ARTA Processes

Autoregressive to Anything (ARTA) processes are stationary time series with arbitrary marginal distributions and feasible autocorrelation structure specified through lag p.

ARTA processes are designed to be used as input to computer simulations.

For more on the theory of ARTA processes, see the paper (in Postscript) by Cario and Nelson.

ARTA Software

All ARTA software is Fortran source code that reads an input file and produces an output file; it is not interactive. The software is distributed "as is," without warranties of any kind, either express or implied. Please report problems to

The original portion of the software is copyrighted by Marne C. Cario and Barry L. Nelson 1996. The authors grant permission for unlimited personal use of this software without fee. However, no derivative works based on the software may be prepared, including embedding any portion of it in another software product, without permission of the authors.

Click to download the software you need. Latest Release: 1.1 (5/30/96).

Installation Notes

ARTAFACTS and ARTAGEN have been successfully compiled using standard Fortran compilers under HP-UX, SunOS, VMS and with Micrsoft Fortran.

General Notes

ARTAFACTS contains two Block Data structures that cause problems for some compliers. If problems arise, comment out or delete the Block Data structures, and un-comment the equivalent assignment statements included in the Main program.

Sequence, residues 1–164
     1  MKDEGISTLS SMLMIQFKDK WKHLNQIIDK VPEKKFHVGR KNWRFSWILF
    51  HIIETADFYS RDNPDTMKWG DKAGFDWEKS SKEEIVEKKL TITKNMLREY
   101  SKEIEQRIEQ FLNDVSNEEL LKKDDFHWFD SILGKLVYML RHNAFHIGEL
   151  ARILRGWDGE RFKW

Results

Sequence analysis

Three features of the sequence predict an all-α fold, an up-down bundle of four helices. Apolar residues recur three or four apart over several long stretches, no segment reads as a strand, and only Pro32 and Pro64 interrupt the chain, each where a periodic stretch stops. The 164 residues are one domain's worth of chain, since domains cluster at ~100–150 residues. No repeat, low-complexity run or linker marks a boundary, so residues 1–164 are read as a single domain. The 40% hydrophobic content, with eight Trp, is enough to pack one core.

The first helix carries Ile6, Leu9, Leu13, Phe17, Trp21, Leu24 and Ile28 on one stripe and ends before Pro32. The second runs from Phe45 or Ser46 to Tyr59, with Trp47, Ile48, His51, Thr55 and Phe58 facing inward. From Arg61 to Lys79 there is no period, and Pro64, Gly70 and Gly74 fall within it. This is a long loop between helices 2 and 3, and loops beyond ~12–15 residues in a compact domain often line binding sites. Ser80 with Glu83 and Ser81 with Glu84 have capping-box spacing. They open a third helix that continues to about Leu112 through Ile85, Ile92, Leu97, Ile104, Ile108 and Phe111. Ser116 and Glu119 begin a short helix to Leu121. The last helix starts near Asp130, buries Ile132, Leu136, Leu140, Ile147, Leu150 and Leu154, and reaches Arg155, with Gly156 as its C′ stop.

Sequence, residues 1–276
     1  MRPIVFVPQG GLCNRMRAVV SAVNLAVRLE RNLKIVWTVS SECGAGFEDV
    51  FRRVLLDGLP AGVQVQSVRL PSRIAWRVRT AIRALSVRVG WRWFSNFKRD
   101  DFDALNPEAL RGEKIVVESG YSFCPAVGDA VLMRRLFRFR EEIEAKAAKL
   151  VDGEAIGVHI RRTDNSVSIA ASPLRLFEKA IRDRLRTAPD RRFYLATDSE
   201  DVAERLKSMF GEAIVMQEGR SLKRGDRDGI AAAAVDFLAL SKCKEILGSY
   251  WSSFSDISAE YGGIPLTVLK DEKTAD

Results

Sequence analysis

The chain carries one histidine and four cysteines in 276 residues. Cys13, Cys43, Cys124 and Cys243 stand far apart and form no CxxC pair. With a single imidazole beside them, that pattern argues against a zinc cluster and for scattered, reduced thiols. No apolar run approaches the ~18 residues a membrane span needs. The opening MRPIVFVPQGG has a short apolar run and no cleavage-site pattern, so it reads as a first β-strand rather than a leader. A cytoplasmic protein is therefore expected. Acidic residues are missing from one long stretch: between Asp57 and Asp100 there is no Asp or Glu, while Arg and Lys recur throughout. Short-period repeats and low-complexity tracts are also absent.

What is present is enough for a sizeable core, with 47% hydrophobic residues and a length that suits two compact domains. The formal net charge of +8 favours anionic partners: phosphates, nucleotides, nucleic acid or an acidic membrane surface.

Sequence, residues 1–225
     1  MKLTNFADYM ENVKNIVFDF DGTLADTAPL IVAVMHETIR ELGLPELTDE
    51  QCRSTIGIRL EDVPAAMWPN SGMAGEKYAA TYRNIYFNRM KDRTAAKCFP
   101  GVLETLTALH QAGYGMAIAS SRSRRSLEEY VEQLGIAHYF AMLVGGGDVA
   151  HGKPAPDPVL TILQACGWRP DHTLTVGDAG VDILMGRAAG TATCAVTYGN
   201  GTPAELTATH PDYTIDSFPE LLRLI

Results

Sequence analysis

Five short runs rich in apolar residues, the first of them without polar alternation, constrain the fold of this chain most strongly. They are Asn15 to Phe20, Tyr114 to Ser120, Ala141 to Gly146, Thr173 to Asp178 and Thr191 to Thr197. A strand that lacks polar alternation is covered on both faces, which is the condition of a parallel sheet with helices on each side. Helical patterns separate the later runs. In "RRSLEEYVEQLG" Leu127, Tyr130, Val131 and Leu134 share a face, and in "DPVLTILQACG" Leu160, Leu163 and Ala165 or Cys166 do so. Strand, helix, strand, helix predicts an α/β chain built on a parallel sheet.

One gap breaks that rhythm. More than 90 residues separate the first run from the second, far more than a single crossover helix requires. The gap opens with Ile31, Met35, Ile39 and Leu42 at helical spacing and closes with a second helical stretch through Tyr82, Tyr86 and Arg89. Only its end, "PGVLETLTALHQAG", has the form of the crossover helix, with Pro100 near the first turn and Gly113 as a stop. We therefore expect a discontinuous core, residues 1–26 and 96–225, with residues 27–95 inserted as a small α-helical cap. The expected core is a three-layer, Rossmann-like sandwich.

Microsoft Fortran Notes

(notes courtesy of Jim Steinbugl at Ohio State University)

For anyone trying to compile and link under MS FORTRAN 5.1, the following hints might be helpful:

  1. Use the /Gt option on the FORTRAN compiler to get around the DATA SEGMENT problem. Without this option, the compiler will report something to the effect that "DGROUP data allocation exceeds 64K". Basically, the amount of data is to large to be held in one 64K segment of memory. Using the /Gt option tells the compiler to allocate multiple 64K data segments to the program.

  2. Using the inline 8087 emulator calls works well (I did not try inline 8087 calls).

  3. Trying to use the regular 8087 floating point calls or the regular 8087 emulator calls does NOT work. Both result in too much overhead and the result is a CODE segment overflow (i.e., the code segment overflows the 64K barrier).

  4. You MUST use the Optimize for SPACE option on the compiler. If you do not, the compiler will experience a heap overflow on the 3rd pass (i.e., the compiler runs out of dynamic memory space).

  5. Also, do NOT use any other optimizations (i.e., Optimize for TIME, LOOP Optimization, or Improve Floating Point Consistency) because this results in a heap overflow on the 3rd pass REGARDLESS of whether or not you have Optimize for SPACE turned on.